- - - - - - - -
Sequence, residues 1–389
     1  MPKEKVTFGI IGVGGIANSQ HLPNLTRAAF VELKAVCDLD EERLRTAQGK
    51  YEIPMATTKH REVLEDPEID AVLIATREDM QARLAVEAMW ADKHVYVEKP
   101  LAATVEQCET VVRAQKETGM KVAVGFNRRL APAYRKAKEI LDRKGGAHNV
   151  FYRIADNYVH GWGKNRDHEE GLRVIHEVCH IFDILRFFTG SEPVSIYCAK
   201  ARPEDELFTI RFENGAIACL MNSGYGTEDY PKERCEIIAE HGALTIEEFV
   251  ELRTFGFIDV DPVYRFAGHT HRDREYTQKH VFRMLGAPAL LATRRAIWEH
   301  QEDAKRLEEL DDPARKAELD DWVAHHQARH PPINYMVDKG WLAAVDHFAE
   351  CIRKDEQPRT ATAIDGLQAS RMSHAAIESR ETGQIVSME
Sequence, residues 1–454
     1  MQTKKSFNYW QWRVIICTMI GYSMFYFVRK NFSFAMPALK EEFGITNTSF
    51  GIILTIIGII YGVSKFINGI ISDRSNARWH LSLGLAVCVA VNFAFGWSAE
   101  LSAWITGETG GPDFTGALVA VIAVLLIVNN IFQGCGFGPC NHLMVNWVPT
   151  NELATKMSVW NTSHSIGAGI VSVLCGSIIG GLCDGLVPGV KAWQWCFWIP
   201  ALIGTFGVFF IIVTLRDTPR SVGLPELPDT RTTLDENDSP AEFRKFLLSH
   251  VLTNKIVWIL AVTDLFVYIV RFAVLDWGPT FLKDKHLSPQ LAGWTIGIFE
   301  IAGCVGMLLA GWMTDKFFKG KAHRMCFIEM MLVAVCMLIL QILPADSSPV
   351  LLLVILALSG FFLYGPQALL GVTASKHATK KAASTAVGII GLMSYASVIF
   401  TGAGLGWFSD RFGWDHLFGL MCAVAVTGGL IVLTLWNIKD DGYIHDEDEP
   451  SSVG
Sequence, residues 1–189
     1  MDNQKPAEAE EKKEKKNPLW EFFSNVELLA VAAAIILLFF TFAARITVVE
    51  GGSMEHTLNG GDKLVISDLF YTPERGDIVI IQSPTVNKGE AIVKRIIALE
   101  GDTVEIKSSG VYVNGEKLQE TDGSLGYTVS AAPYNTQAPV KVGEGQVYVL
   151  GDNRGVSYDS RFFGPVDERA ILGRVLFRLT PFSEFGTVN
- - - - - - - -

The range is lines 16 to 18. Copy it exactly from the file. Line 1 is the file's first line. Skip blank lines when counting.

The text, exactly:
   251  VLTNKIVWIL AVTDLFVYIV RFAVLDWGPT FLKDKHLSPQ LAGWTIGIFE
   301  IAGCVGMLLA GWMTDKFFKG KAHRMCFIEM MLVAVCMLIL QILPADSSPV
   351  LLLVILALSG FFLYGPQALL GVTASKHATK KAASTAVGII GLMSYASVIF